Maximising the value of your PR: differentiating your company and being realistic

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Maximising the value of your PR: differentiating your company and being realistic
Posted on February 28, 2019 by Braden MacDonald

Reading Time: 3 minutes

In the crowded world of data and insights, standing out is essential. When a client has a choice of hundreds of agencies or suppliers, they need to know what exactly sets you apart from your competitors and why you can meet their needs best. Defining your area of expertise or specialism and acting as a thought leader in this area will help establish your company as the ‘go to’ agency or supplier for a specific requirement.

At the beginning of a relationship with a PR agency, the agency can help you define your offering. Your agency should have expertise in your market, so they should be aware of the messages that will give you a point of distinction. This is what it is you should be focusing your stories on.  They should recommend pro-active PR ideas that support these messages. However, developing and differentiating your company’s position in the market is a two-way street – the agency will do their best to help you find an appropriate story but as the client you need to be helpful and open in communicating your needs and sharing your content (which in our case is most often, data). It is also helpful to involve a broader team than only marketing from the outset so messages are built, communicated and integrated deeper within the business and you know you can deliver on what is planned.

When choosing a point of differentiation don’t state the ‘bleedin’’ obvious. As a sample company you’re expected to deliver good quality sample. As an agency you should be delivering actionable insights. Stating these ‘hygiene’ factors is all well and good, but it isn’t going to help you stand out in a crowded marketplace where all your competitors are also providing these services. Instead find something that sets you apart and makes you special. Communicate the value that you bring that others can’t.  This could be knowledge of a particular sector, technique or market; or it could be through your customer service, employees, business model or culture or it could be through a new innovation, technology or service.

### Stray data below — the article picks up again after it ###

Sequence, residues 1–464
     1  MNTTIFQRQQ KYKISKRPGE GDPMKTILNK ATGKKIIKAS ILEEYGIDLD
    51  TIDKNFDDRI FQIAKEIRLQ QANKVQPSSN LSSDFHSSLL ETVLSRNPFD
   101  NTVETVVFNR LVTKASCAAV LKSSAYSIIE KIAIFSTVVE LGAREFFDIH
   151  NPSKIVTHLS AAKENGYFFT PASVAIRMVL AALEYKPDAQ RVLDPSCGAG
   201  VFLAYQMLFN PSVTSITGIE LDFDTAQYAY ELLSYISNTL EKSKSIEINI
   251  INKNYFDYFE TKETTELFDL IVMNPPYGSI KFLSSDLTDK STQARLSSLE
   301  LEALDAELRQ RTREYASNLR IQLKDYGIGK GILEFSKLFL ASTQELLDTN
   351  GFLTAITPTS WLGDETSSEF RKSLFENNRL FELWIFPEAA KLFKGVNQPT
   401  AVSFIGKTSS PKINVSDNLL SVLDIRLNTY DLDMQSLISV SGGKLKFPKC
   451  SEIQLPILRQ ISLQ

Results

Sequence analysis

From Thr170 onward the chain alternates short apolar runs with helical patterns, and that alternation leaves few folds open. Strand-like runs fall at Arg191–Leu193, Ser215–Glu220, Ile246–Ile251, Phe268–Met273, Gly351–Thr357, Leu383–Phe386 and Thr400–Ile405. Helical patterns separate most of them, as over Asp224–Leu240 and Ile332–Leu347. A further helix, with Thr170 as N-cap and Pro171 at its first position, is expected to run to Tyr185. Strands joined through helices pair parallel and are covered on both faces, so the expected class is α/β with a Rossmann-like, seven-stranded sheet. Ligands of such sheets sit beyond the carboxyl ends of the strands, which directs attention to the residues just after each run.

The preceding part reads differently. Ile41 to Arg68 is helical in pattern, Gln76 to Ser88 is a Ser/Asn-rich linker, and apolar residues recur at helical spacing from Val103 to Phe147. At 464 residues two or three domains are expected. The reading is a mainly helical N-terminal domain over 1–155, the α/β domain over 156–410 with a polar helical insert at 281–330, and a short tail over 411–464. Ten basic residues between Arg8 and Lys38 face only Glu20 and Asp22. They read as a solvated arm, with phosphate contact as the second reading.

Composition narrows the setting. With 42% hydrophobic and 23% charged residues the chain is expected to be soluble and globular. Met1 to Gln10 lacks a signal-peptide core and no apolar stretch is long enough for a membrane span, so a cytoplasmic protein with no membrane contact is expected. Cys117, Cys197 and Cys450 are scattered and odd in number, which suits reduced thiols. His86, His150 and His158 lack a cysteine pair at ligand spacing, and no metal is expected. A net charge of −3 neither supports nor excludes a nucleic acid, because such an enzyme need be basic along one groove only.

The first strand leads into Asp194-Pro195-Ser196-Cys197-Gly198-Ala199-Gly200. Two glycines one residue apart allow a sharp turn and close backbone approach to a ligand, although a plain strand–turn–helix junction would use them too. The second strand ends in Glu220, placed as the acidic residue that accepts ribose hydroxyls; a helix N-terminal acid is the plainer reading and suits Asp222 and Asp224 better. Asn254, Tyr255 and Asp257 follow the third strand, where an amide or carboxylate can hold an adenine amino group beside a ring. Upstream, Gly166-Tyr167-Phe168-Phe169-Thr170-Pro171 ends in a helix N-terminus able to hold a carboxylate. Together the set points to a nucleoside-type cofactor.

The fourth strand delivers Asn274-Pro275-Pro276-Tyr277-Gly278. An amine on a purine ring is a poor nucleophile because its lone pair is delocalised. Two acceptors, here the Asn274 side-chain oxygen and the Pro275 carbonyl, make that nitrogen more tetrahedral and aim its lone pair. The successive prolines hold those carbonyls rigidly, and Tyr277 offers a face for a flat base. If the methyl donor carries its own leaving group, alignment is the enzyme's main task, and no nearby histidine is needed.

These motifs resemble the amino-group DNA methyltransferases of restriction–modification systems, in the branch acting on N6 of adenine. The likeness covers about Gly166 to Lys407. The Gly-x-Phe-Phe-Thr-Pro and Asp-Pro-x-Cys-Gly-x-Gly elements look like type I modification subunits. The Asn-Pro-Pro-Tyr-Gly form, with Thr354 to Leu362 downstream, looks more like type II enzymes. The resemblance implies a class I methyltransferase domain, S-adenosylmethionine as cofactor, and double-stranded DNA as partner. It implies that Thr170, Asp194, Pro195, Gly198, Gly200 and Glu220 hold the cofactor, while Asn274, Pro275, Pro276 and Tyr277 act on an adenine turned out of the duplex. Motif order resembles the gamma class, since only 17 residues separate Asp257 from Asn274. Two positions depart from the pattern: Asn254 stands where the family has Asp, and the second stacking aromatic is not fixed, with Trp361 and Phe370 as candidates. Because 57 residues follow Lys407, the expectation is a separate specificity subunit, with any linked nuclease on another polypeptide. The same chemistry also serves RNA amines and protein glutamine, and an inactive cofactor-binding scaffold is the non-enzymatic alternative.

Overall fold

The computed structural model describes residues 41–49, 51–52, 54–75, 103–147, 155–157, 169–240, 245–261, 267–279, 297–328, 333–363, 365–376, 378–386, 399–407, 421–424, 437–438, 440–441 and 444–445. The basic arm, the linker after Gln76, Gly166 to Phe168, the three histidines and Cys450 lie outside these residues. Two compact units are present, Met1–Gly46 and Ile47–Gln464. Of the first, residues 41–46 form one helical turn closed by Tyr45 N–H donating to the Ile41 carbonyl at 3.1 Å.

However, focusing your message on one area doesn’t mean that you can’t do business in areas adjacent to your core specialism. A common worry is that differentiating is ‘pigeon holing’ a business that has many skills and talents into a one-trick pony. But differentiating doesn’t have to be restricting. For one, you can pick a fairly broad specialism – for example, a collection of markets or related methodologies. And with sufficient thought leadership you will open opportunities to work with many clients, so can then offer them related services outside of your core.

Differentiation is important not only to stand out to clients and their procurement departments, but also to get cut through with journalists in the first place. Journalists are always on the look-out for an interesting story, so they want to know immediately what sets you apart. What’s more, as a differentiated company with a specific specialism, journalists may then look to your company to provide specific types of data when they need it, providing increased opportunities for coverage.

However, you also must remember to be realistic. Just because you have a differentiated offering, it doesn’t mean that mainstream media will feature you in their publication. Your company works in market research, and outside of the field of data, research and insights there is little awareness of what you do. While the Trumps, Facebooks, and Royal Families of the world steal the front pages of national newspapers daily, don’t be surprised if it takes a while to build the relationship between your company and the media Also, don’t underestimate the value of the research trade media. While coverage in WIRED or the Wall Street Journal may seem appealing, the insight clients you’re trying to reach are actually more likely to be readers of the research trade press. So, while mainstream media may seem impressive for investors, the coverage may ultimately be lost on the audiences you’re seeking.

Working with your agency to achieve differentiated messaging is essential to achieving effective PR. A generic message which doesn’t highlight your expertise is a waste of both yours and your PR’s time and money, while a message that highlights your differences from your competitors will allow you to showcase your expertise and get the most out of the relationship.

You can download our 6 tips for working with a PR agency white paper here.